Back To School!

Back To School!

Is it back-to-school time already? Where did the summer go! We have some tips and recommendations for getting your family and kids ready for the new school year.

Children in general, but especially those with special needs, often have trouble with transitions. It stems from difficulty in shifting attention from one activity to the next and thus, tend to have a greater need for predictability. As any parent of a child on the spectrum knows, predictability is crucial because it reduces anxiety. These next few days are the perfect time to begin preparing your child for the back-to-school routine. By using this time to slowly transition into the routine, it will help avoid the meltdowns and behavior issues that can occur when a child is not adequately prepared for a new situation. Here are some tips:

• If your child has trouble waking up in the morning, start putting them to bed earlier, using 15-minute increments to get the time earlier each night. Once your child is used to waking up at the expected hour, waking up on the big day will be much easier.
• Next, you need to establish a consistent morning routine. Using a visual schedule is a great way to demonstrate the sequence of events that make up this routine. You can prepare the schedule together with your child, using pictures or drawings of familiar activities such as using the toilet, brushing teeth, getting dressed and eating breakfast. The visual schedule will give your child a sense of control and help understand which activity follows which.
• To help avoid power struggles, it is helpful to have a desired activity follow an undesired activity. For example, if TV is part of your morning routine, make sure that more difficult tasks (like getting dressed) come first and TV time can serve as a reward.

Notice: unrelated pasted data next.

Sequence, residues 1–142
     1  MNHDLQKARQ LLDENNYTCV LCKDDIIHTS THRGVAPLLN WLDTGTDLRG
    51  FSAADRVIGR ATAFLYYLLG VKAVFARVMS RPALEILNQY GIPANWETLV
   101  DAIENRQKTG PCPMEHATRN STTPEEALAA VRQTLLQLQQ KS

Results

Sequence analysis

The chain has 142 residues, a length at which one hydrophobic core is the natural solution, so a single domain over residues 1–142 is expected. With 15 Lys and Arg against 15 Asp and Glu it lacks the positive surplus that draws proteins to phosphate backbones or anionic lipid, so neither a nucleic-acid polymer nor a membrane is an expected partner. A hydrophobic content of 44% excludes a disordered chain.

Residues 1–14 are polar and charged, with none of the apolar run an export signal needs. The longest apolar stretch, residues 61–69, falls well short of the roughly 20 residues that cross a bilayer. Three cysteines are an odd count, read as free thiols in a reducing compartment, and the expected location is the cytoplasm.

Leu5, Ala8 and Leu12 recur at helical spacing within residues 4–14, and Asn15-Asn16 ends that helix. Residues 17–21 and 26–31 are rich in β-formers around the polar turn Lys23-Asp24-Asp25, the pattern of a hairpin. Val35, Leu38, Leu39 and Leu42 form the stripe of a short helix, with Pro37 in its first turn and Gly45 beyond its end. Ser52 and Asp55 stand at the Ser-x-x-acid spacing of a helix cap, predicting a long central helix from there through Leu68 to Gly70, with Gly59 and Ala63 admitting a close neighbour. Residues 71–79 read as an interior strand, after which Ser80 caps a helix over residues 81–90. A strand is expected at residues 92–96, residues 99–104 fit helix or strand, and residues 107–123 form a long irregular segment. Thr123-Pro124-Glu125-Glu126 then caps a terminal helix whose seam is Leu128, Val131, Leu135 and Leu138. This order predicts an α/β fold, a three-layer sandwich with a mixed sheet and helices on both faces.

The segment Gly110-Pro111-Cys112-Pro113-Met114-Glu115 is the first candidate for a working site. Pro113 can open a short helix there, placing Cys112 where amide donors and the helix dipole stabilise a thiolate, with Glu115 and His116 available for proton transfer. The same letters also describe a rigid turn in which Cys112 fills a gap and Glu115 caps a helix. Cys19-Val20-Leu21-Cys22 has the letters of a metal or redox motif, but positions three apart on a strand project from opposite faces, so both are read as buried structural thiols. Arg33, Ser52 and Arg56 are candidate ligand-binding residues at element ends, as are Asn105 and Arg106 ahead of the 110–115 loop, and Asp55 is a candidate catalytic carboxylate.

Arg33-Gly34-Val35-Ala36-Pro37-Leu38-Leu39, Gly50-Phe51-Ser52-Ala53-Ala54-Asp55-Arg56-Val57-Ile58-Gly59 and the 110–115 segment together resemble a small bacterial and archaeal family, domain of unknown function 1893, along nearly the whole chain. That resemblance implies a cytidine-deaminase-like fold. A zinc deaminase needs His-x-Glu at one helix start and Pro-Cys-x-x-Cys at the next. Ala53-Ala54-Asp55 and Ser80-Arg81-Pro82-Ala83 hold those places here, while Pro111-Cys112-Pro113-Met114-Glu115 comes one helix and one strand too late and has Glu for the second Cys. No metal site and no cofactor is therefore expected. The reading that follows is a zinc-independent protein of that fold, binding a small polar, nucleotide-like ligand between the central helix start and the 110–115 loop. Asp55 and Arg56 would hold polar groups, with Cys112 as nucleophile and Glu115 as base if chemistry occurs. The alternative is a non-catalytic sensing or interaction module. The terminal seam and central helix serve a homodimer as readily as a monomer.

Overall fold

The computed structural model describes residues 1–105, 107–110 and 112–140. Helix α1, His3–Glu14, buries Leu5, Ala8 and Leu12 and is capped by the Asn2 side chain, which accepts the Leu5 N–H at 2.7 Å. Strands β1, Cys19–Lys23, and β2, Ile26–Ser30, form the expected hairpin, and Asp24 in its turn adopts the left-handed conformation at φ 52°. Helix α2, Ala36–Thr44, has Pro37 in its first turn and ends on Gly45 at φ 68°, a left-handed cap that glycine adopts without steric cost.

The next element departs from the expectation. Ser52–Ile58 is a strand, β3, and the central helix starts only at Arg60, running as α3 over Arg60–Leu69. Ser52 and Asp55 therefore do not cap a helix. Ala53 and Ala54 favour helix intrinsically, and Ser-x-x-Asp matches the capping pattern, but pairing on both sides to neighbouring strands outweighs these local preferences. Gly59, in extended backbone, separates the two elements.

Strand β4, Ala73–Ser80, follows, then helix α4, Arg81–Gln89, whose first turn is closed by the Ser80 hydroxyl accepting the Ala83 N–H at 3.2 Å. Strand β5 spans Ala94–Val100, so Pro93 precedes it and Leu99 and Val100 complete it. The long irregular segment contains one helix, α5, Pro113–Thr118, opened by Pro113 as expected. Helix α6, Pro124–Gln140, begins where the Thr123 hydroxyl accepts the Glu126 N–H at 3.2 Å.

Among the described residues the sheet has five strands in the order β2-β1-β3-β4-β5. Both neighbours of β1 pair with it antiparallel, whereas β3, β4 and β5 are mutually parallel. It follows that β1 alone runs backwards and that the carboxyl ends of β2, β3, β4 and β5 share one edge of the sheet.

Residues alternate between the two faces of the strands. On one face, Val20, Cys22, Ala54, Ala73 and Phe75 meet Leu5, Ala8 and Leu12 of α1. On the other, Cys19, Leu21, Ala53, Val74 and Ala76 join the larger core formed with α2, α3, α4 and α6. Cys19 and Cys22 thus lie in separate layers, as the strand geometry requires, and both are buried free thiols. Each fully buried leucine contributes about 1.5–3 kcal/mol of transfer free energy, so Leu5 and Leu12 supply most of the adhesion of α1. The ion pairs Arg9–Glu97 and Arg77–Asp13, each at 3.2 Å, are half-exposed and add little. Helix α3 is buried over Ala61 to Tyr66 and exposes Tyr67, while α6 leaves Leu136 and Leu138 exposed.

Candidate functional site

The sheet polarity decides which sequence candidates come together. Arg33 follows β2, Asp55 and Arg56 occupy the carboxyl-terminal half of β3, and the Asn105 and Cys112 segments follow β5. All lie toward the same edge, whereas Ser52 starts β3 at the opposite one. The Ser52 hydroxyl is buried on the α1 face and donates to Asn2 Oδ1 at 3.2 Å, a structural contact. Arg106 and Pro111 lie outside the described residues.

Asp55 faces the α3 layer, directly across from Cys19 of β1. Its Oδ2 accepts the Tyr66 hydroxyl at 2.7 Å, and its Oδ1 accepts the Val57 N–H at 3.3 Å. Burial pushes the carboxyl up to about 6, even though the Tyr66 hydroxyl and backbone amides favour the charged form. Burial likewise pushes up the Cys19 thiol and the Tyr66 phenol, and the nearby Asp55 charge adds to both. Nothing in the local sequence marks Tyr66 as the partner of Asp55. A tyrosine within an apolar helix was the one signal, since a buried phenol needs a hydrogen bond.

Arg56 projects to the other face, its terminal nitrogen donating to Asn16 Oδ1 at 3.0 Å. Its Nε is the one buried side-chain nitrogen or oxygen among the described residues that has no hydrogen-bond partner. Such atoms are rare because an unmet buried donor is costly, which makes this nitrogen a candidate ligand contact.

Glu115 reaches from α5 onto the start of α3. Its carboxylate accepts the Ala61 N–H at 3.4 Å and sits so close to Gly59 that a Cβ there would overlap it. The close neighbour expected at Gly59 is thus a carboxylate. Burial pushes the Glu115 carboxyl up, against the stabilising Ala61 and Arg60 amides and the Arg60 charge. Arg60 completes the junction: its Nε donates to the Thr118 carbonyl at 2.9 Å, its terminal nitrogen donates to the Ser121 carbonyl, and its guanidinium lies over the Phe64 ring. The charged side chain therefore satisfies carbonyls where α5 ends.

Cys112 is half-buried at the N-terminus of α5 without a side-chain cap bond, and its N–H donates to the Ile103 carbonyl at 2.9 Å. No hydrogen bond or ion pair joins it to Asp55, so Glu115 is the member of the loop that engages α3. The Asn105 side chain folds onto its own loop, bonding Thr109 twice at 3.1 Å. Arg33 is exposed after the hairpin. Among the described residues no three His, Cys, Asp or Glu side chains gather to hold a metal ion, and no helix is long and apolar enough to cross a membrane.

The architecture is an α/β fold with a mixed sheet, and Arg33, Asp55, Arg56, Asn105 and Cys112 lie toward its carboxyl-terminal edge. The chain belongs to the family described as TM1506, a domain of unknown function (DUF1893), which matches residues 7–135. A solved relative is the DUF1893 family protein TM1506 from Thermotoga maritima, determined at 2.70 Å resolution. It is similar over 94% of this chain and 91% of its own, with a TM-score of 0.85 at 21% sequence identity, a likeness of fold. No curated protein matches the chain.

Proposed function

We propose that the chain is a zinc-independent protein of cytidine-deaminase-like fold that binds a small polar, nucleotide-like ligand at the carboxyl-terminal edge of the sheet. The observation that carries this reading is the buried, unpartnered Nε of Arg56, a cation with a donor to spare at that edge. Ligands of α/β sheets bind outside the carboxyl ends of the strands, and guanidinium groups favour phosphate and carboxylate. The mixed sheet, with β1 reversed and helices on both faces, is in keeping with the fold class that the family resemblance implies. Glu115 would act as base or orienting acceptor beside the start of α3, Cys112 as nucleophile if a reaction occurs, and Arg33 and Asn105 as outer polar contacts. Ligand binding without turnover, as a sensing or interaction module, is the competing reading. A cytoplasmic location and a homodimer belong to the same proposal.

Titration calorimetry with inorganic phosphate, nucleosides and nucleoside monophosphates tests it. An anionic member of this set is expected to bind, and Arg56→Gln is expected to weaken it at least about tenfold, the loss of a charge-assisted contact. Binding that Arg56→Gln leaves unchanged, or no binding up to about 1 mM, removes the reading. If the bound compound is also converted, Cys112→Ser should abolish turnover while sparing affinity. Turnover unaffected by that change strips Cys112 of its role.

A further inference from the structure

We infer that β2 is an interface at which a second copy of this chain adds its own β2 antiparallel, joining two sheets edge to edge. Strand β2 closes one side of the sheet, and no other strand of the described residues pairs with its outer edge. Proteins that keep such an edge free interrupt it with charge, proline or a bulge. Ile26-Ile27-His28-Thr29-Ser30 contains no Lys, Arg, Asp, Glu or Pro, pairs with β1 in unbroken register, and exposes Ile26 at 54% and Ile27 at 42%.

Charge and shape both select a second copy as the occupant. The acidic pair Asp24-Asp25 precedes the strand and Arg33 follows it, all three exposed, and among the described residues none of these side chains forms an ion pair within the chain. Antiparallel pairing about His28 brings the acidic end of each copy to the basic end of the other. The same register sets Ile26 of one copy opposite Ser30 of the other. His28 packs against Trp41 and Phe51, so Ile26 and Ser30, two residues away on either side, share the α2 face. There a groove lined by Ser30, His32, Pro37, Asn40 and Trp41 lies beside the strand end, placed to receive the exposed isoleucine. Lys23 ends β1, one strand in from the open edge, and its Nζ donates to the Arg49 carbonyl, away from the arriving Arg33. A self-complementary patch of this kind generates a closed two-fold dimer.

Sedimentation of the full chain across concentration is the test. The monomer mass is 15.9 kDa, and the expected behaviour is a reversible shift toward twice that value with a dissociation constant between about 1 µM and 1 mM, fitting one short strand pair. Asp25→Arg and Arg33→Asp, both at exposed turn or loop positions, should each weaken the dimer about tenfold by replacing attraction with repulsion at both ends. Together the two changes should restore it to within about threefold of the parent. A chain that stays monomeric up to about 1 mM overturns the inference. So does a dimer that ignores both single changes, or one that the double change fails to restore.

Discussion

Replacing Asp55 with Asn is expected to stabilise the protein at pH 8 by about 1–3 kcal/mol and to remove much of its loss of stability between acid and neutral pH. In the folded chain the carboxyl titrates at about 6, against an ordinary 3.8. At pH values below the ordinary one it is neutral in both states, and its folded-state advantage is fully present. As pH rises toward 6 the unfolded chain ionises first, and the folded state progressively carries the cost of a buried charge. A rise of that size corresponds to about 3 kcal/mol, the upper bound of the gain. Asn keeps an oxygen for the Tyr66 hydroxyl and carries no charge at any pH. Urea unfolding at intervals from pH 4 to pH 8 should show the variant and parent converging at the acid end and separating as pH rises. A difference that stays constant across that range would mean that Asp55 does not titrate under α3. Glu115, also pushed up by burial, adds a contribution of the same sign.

• Give your child a 5 or 10-minute warning before they are expected to move onto the next activity. Never whisk them away from a preferred activity and demand that they get in the car when it is time to leave. When giving warnings, make your instructions as clear as possible by breaking them down into simple steps. Sometimes a seemingly simple statement such as “we’re leaving in 5 minutes” can be too difficult for a child to understand. Instead you can say “in 5 minutes we have to walk out the door and get into the car”.
• If power struggles over food or clothing are an issue, be sure to offer choices, as in “you can have cereal or oatmeal”. You can even have your child choose their clothes the night before. Choice-making gives a sense of control and reduces power struggles.
• Needless to say, choose your battles! For example, you could give up on combing their hair to perfection, and focus on getting dressed and leaving on time.

Once you have established your routine, it’s important to stick to it consistently! Having a predictable and consistent daily schedule builds confidence in a child, decreases anxiety, and encourages cooperation. Preparation and consistency are keys to success in back-to-school. Remember, it is not about “begging” or “forcing”; or “hoping” your child will be OK. It is about manipulating environmental variables (routines, visual schedules, rewarding positive behaviors, providing choices instead of directives, etc.) to prevent meltdowns and facilitate desired behaviors, such as compliance. You can be in control, and you should.

Daniel Adatto
Board Certified Behavior Analyst

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